Of course, once I got to the party, I felt like a fake. I struggled through an hour of cheery chitchat as I painted tiny people’s faces and made balloon animals for them. If I'm going to play a princess, can't I at least play a kickass princess? I asked myself.

Girls deserve positive role models that inspire them to be their best selves, not fit into some box. Some of those role models can certainly be princesses, but they should be fully realized, autonomous characters. Girls need as many options as are available to boys. Disney Princesses are simply too narrow in terms of appearance, personality, and narrative. Even if I felt like a phony and a bad example, the little girls loved me, in all likelihood because they had been conditioned to love me.

Working in children's party entertainment teaches you a lot about the challenges of parenting. One lesson is that our society leads us to believe that there are “right” and “wrong” ways to parent. Hiring a Disney Princess for your little girl’s party is allegedly a form of “good” parenting. It is unfortunate how few parents seem to question this idea.

At the party entertainment company where I worked, Disney Princesses were far more popular than Dora the Explorer, another female character on our list. It seems to me that a bold, inquisitive female character who chooses her own adventures is a better role model than the Disney Princesses who let their adventures be chosen for them. Sometimes parents don’t know their options, or have the luxury of time to reflect on which characters are the best role models for their children. One of my mistakes as a children’s party entertainer was not going out of my way to recommend characters like Dora to parents. All of us have opportunities to be activists in our everyday lives, and I missed a relatively easy one.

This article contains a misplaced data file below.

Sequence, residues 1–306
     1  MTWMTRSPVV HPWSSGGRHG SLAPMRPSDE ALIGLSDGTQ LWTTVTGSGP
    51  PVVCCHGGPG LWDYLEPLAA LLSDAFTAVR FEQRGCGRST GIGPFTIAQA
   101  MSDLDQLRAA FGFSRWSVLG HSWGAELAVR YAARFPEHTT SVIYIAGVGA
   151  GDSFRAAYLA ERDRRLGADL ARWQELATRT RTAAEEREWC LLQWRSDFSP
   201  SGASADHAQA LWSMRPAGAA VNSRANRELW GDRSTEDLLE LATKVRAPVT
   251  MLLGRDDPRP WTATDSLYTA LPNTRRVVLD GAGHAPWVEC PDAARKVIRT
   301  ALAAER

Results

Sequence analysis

My other mistake during my time in the industry was not imparting kids with feminist messages. Now I realize I could’ve done this in a gentle, age-appropriate way. When kids asked me to make them a “girl” balloon animal, for instance, they often asked for me to draw on long eyelashes in Sharpie. I could’ve cheerfully said, “OK, I’ll draw long, beautiful eyelashes, but remember that some girls have short eyelashes and they’re beautiful, too.”

I also could’ve made more of an effort to let little girls know that balloons in colors other than pink and purple were available to them. Not so hard, right? The right comment can give a little girl the hope and encouragement she needs to be herself, not what society tells her to be as a female.

Feminism is about choices, something women seem to lack in cultures around the world. There is no single right way to be a woman because we are individuals with unique stories and experiences. You don't need to live the same life as your mother, your sister, or Disney Princesses like Cinderella. The life you choose should be one you choose without reluctance. It is a life that is confidently yours and yours alone.